For all of the posts in this series head on over to Zoology for Kids.

For a great series of posts written by some other awesome homeschooling Moms (including about 3 more series on science) head on over to Summer Hopscotch 2014

Amphibians and Reptiles unit

I think amphibians and reptiles unit is one of the most fun ones with little guys because it’s so easy to become a field trip.  You just load up and head to the nearest pet store and spend a long time watching the snakes and turtles climb around.

Reptile and Amphibian unit

That is my number one suggestion for learning about reptiles and amphibians.  Head down to your pet store and watch them.  Watch the turtles dive in the water.  Watch the snakes seem to climb the walls of their cage.  Watch the frogs hide under logs and rocks.  Observe.  That is one of the best gifts you can give your kids the act of observation.

Reptiles Unit

learn about snakes

Start off with a fun exploration of snakes with this snake unit, try slithering like a snake and explore how they grow.  Follow this up with a study of rattlesnakes which are a common feature in stories here in Texas.

Then learn about some alligators down in Florida and make a fun alligator toy.  Or a very silly book about the alligators under New York.

learn about turtles

Then start looking at turtles.  Try to identify the sea turtle breeds.  Then try to move like a sea turtle and youtube video about laying eggs.

And you have to read a few turtle books after you’ve tried the activities.  Then check out my gone horribly wrong turtle craft.


Amphibians Unit

Learn about frogs

We haven’t really done super a lot with amphibians for whatever reason.  We find the occasional toad in our yard and my kids happily chase them, but that’s about it.  We do however have a great craft on the difference between frogs and toads.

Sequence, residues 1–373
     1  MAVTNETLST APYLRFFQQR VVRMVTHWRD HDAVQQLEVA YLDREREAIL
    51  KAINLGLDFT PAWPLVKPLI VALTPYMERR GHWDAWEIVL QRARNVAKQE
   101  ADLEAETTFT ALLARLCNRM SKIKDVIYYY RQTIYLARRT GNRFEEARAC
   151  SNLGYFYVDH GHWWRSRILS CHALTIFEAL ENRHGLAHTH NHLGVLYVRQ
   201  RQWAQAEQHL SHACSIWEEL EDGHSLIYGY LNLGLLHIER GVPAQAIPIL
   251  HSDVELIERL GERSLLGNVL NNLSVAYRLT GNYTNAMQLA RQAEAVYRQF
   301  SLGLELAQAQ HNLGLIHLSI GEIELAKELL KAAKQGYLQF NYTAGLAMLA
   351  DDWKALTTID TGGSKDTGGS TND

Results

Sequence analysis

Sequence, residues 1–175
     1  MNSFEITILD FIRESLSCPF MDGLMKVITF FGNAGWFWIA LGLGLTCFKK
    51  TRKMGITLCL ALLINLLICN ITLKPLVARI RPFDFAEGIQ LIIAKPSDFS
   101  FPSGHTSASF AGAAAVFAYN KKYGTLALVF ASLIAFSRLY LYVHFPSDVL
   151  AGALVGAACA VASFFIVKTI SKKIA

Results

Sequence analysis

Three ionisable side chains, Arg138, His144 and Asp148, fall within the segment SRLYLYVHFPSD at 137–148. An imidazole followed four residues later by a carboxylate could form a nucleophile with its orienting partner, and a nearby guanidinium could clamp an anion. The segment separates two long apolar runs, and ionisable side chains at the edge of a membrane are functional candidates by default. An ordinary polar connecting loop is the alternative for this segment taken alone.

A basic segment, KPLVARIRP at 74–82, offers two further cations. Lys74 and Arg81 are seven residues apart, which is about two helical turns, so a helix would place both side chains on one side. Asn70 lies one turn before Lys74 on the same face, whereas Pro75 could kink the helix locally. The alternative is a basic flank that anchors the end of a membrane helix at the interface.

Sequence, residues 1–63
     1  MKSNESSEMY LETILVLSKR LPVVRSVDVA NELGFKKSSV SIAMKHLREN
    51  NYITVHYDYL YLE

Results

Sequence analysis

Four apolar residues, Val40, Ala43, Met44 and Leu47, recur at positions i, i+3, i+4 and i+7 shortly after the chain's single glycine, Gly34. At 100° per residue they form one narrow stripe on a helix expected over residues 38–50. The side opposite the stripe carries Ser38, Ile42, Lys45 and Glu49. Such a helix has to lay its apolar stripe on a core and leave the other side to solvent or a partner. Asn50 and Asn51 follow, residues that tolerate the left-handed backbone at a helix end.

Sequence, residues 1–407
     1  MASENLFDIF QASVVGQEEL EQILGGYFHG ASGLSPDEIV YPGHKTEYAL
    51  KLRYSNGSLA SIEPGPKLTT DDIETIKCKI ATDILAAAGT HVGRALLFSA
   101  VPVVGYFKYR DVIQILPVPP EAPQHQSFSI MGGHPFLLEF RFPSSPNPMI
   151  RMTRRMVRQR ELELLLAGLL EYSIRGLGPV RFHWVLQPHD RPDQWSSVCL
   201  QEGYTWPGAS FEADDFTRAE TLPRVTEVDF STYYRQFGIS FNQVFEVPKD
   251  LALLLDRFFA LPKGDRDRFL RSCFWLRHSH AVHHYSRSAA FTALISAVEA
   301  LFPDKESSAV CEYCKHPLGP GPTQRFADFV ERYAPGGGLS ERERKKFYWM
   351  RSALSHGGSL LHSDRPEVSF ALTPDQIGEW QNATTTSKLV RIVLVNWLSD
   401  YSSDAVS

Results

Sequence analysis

So, I’ll recommend this great frog unit from Homeschool Scientist, and this fun collection of frog crafts.


Dinosaur Unit

(I’m including dinosaurs because they are *technically,* according to what I’ve read, a reptile), so here’s a few dinosaur ideas:

  1. Danny and the Dinosaur unit
  2. Study a dinosaur gizzard (I suppose this post can also be on Thursday’s post: birds unit).
  3. Dinosaur dig

For all of the posts in this series head on over to Zoology for Kids.

For a great series of posts written by some other awesome homeschooling Moms (including about 3 more series on science) head on over to Summer Hopscotch 2014

Zoo animals for Kids

Fingers crossed this week my kids are going to the zoo, I hope.  After most zoo trips we spend some time reviewing all we know about the animals we saw and talking about the zoo animals.

Zoo animals for elementary kids

Tigers are a great place to start because you can emulate a tiger hunting in the jungle with only a couple of blind folds and an open room.  My kids loved this activity, and we played it several times over the course of a few days.

Learning about cougars

Then look at another big cat, the cougar and learn about how cougars hunt in this unique game.

After you’ve explored big cats, start looking at elephants.  First measure how tall they are in comparison to you.  That can be a great comparison.  Then try to use an elephant trunk.

Studying Elephants

From the elephants head over and check out the marsupials.  Make a kangaroo pouch and how to hop like a kangaroo, then figure out how far does a kangaroo jump as you study these fun animals.

Then look at the ungulates, giraffes, horses, gazelles, and how are ungulates classified.